$〈 v n , φ ˜ ∗ 0 〉 ≤ μ n 〈 L ˜ a 0 v n , φ ˜ ∗ 0 〉 .$

Letting $n→∞$, we have

$〈 v ¯ , φ ˜ ∗ 0 〉 ≤ μ ¯ 〈 L ˜ a 0 v ¯ , φ ˜ ∗ 0 〉 ,$

we obtain that

$〈 v ¯ , φ ˜ ∗ 0 〉 ≤ μ ¯ 〈 L ˜ a 0 v ¯ , φ ˜ ∗ 0 〉 = μ ¯ 〈 v ¯ , L ˜ a 0 ∗ φ ˜ ∗ 0 〉 = μ ¯ 〈 v ¯ , 1 λ ˜ 1 ( a 0 ) φ ˜ ∗ 0 〉 = μ ¯ 1 λ ˜ 1 ( a 0 ) 〈 v ¯ , φ ˜ ∗ 0 〉 ,$

and consequently

$μ ¯ ≥ λ ˜ 1 ( a 0 ) .$

Similarly, we deduce from (4.3) that

$μ ¯ ≤ λ ˜ 1 ( a 0 ).$

Thus, $λ ˜ 1 ( a 0 )≤ μ ¯ ≤ λ ˜ 1 ( a 0 )$. This contradicts $μ ¯ ∈Λ$. □

Corollary 4.1 For $μ∈(0, λ ˜ 1 ( a 0 ))$ and $δ∈(0, δ 1 )$. Then $deg( Φ μ , B δ ,0)=1$.

On the other hand, we have

Lemma 4.3 Suppose $λ> λ ˜ 1 ( a 0 )$. Then there exists $δ 2 >0$ with the property that $∀u∈PC[0,1]$ with $0<∥u∥≤ δ 2$, $∀τ≥0$,

$Φ λ (u)≠τ φ ˜ 0 ,$

where $φ ˜ 0$ is the nonnegative eigenfunction of the $L ˜ a 0$ corresponding to $λ ˜ 1 ( a 0 )$.

Proof We assume again on the contrary that there exists $τ n ≥0$ and a sequence $u n$ with $∥ u n ∥>0$ and $u n →0$ in $PC[0,1]$, such that $Φ λ ( u n )= τ n φ ˜ 0$ for all $n∈N$.

Then

$u n = A λ ( u n )+ τ n φ ˜ 0 ,$

and we conclude from Remark 2.2 that $u n >0$ in $[0,1]$. So, we have

$〈 u n , φ ˜ 0 ∗ 〉 = 〈 A λ ( u n ) + τ n φ ˜ 0 , φ ˜ 0 ∗ 〉 = 〈 A λ ( u n ) , φ ˜ 0 ∗ 〉 + τ n 〈 φ ˜ 0 , φ ˜ 0 ∗ 〉 .$

Choose $σ>0$ such that

$σ< λ − λ ˜ 1 ( a 0 ) λ .$
(4.4)

By (H3), there exists $r>0$, such that

$f(t,u)≥(1−σ) a 0 (t)u,∀u∈[0,r],t∈[0,1].$

From $∥ u n ∥→0$, then exists $N ∗ >0$, such that

$0≤ u n ≤r,∀n≥ N ∗ ,$

and consequently

$f(t, u n )≥(1−σ) a 0 (t) u n ,∀n≥ N ∗ .$
(4.5)

Let $v n = u n ∥ u ∥$, applying (4.5), it follows that

$〈 v n , φ ˜ 0 ∗ 〉 ≥ 〈 A λ ( u n ) ∥ u n ∥ , φ ˜ 0 ∗ 〉 ≥ λ ( 1 − σ ) 〈 L ˜ a 0 v n , φ ˜ 0 ∗ 〉 = λ ( 1 − σ ) 〈 v n , L ˜ a 0 ∗ φ ˜ 0 ∗ 〉 = λ ( 1 − σ ) 〈 v n , 1 λ ˜ 1 ( a 0 ) φ ˜ 0 ∗ 〉 .$

Thus,

$λ ˜ 1 ( a 0 )≥λ(1−σ),$

Corollary 4.2 For $λ> λ ˜ 1 ( a 0 )$ and $δ∈(0, δ 2 )$. Then $deg( Φ λ , B δ ,0)=0$.

Proof By Lemma 4.3, there exists $δ 2 >0$ such that

$Φ λ (u)≠τ φ ˜ 0 ,∀u∈PC[0,1]:0<∥u∥≤ δ 2 ,τ∈[0,1].$

Then

$deg( Φ λ , B δ ,0)=deg( Φ λ − φ ˜ 0 , B δ ,0)=0$

for all $δ∈(0, δ 2 )$. Then the assertion follows. □

Now, using Theorem C and the similar method to prove Proposition 3.1 with obvious changes, we may prove the following proposition.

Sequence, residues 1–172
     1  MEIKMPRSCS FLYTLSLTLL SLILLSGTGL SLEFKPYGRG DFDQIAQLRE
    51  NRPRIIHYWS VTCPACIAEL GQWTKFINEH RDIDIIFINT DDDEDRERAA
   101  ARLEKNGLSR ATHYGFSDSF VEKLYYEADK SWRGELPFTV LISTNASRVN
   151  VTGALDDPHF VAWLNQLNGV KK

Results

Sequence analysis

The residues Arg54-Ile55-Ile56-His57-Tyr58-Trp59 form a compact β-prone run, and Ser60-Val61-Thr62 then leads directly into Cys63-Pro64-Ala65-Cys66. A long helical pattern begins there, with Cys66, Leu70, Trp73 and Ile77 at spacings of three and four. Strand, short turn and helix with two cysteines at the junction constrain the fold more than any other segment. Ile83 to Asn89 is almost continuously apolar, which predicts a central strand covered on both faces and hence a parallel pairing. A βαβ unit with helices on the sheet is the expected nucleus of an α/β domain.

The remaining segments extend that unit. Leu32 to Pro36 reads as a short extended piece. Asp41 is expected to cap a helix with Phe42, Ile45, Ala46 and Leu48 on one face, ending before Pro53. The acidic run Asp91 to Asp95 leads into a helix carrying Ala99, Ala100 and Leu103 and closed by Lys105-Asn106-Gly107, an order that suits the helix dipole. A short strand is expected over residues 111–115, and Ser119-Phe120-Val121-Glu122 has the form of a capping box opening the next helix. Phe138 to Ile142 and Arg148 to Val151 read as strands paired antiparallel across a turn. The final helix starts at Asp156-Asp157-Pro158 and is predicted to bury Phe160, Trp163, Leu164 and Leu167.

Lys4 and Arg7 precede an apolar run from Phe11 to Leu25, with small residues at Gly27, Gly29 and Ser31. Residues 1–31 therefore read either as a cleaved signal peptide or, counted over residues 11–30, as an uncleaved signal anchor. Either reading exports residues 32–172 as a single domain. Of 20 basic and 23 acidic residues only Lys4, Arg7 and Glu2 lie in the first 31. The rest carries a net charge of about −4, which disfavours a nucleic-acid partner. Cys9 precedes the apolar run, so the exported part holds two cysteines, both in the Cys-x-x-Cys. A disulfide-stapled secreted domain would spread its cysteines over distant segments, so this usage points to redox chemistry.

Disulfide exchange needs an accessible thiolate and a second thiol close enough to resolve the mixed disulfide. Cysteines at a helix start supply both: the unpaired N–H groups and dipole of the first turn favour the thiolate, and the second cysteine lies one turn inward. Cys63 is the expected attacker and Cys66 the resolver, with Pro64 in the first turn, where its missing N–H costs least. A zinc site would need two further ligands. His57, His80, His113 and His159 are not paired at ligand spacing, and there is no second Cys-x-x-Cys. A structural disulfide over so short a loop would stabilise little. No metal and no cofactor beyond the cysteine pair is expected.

Proposition 4.1 $[ λ ˜ 1 ( a 0 ), λ ˜ 1 ( a 0 )]$ is a bifurcation interval of positive solutions from the trivial solution for the problem (2.4). There exists an unbounded component $Σ 0$ of positive solutions of (2.4) which meets $[ λ ˜ 1 ( a 0 ), λ ˜ 1 ( a 0 )]×{0}$. Moreover, there exists no bifurcation interval of positive solutions from the trivial solution which is disjointed with $[ λ ˜ 1 ( a 0 ), λ ˜ 1 ( a 0 )]$.

This is exactly the assertion (ii) of Theorem 1.1.

## 5 Global behavior of the component of positive solutions

In this section, we consider the intertwining of the branches bifurcating from infinity and from the trivial solution.

Let $m k :=min{ I k ( u ) u }$, $k=1,…,p$ for $u≠0$. From (H2), we have $m k >0$, $k=1,…,p$.

Define the linear operator $T c :PC[0,1]→PC[0,1]$,

$T c u= ∫ 0 1 G(t,s)c(s)u(s)ds+ ∑ k = 1 p G(t, t k ) m k ⋅u( t k ),$
(5.1)

where $c(⋅)$ is defined in (H5), $G(t,s)$ is defined in (2.2).

Similar as Lemma 2.2, we have the following lemma.

Lemma 5.1 The operator $T c$ has a unique characteristic value $μ 1$, which is positive, real, simple, and the corresponding eigenfunction $Φ c (t)$ is of one sign, i.e., we have $Φ c (t)= μ 1 T c Φ c (t)$.

Remark 5.1 Since $μ 1$ is real number, so from Lemma 2.1, $μ 1$ is also the characteristic value of $T c ∗$, where $T c ∗$ denote the conjugate operator of $T c$, let $Φ c ∗$ denote the nonnegative eigenfunction of $T c ∗$ corresponding to $μ 1$. Therefore, we have

$Φ c ∗ (t)= μ 1 T c ∗ Φ c ∗ (t),t∈[0,1].$

Lemma 5.2 Let (H 1)-(H 5) hold. Then there exists a number $λ ∗ >0$ such that there is no positive solution $(λ,u)$ of $Φ λ (u)=0$ with $λ> λ ∗$.

Proof Let $(λ,u)$ be a positive solution of $Φ λ (u)=0$. Then

$u=λ ∫ 0 1 G(t,s)f ( s , u ( s ) ) ds+λ ∑ k = 1 p I k ( u ( t k ) ) ,u∈PC[0,1].$

From (H5) and the definition of $m k$, we have

$u≥λ ∫ 0 1 G(t,s)c(s)u(s)ds+λ ∑ k = 1 p m k ⋅u( t k ),u∈PC[0,1].$
(5.2)

From (5.2), we have

$〈 u , Φ c ∗ 〉 ≥λ 〈 T c u , Φ c ∗ 〉 =λ 〈 u , T c ∗ Φ c ∗ 〉 =λ 〈 u , 1 μ 1 Φ c ∗ 〉 =λ 1 μ 1 〈 u , Φ c ∗ 〉 .$

Thus,

$λ≤ μ 1 := λ ∗ .$

□

The assertion that $Σ 0 = Σ ∞$ in Theorem 1.1(iii) now easily follows. For, in the case, $Σ 0$ and $Σ ∞$ are contained in $(0, λ ∗ ]×PC[0,1]$. Moreover, there exists no bifurcation interval of positive solution from infinity which is disjointed with $[ λ 1 ( b ∞ ), λ 1 ( b ∞ )]$, there exists no bifurcation interval of positive solution from the trivial solution which is disjointed with $[ λ ˜ 1 ( a 0 ), λ ˜ 1 ( a 0 )]$. In Theorem 1.1(iii), the unbounded component $Σ 0$ has to meet $[ λ 1 ( b ∞ ), λ 1 ( b ∞ )]×{∞}$.

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## Acknowledgements

The authors are very grateful to the anonymous referees for their valuable suggestions. This work was supported by the NSFC (No. 11061030), NSFC (No. 11126296), and the Fundamental Research Funds for the Gansu Universities.

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Correspondence to Ruyun Ma.

### Competing interests

The authors declare that they have no competing interests.

### Authors’ contributions

RM completed the main study and carried out the results of this article. BY drafted the manuscript. ZW checked the proofs and verified the calculation. All the authors read and approved the final manuscript.

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Ma, R., Yang, B. & Wang, Z. Bifurcation of positive periodic solutions of first-order impulsive differential equations. Bound Value Probl 2012, 83 (2012). https://doi.org/10.1186/1687-2770-2012-83